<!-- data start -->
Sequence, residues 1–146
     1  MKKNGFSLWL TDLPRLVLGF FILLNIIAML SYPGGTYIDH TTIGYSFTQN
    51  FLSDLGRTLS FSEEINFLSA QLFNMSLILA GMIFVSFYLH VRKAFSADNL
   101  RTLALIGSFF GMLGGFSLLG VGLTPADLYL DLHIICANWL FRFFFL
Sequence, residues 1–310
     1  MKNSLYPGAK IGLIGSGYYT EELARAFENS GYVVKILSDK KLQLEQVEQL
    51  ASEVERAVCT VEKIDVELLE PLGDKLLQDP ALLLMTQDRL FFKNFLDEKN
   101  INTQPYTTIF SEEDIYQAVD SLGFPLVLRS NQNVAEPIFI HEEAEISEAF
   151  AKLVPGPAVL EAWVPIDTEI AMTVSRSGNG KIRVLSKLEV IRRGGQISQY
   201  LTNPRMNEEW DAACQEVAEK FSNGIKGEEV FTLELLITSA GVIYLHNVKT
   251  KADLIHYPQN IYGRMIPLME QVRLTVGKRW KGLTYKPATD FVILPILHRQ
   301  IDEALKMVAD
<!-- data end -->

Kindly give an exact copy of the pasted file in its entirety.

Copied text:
Sequence, residues 1–146
     1  MKKNGFSLWL TDLPRLVLGF FILLNIIAML SYPGGTYIDH TTIGYSFTQN
    51  FLSDLGRTLS FSEEINFLSA QLFNMSLILA GMIFVSFYLH VRKAFSADNL
   101  RTLALIGSFF GMLGGFSLLG VGLTPADLYL DLHIICANWL FRFFFL
Sequence, residues 1–310
     1  MKNSLYPGAK IGLIGSGYYT EELARAFENS GYVVKILSDK KLQLEQVEQL
    51  ASEVERAVCT VEKIDVELLE PLGDKLLQDP ALLLMTQDRL FFKNFLDEKN
   101  INTQPYTTIF SEEDIYQAVD SLGFPLVLRS NQNVAEPIFI HEEAEISEAF
   151  AKLVPGPAVL EAWVPIDTEI AMTVSRSGNG KIRVLSKLEV IRRGGQISQY
   201  LTNPRMNEEW DAACQEVAEK FSNGIKGEEV FTLELLITSA GVIYLHNVKT
   251  KADLIHYPQN IYGRMIPLME QVRLTVGKRW KGLTYKPATD FVILPILHRQ
   301  IDEALKMVAD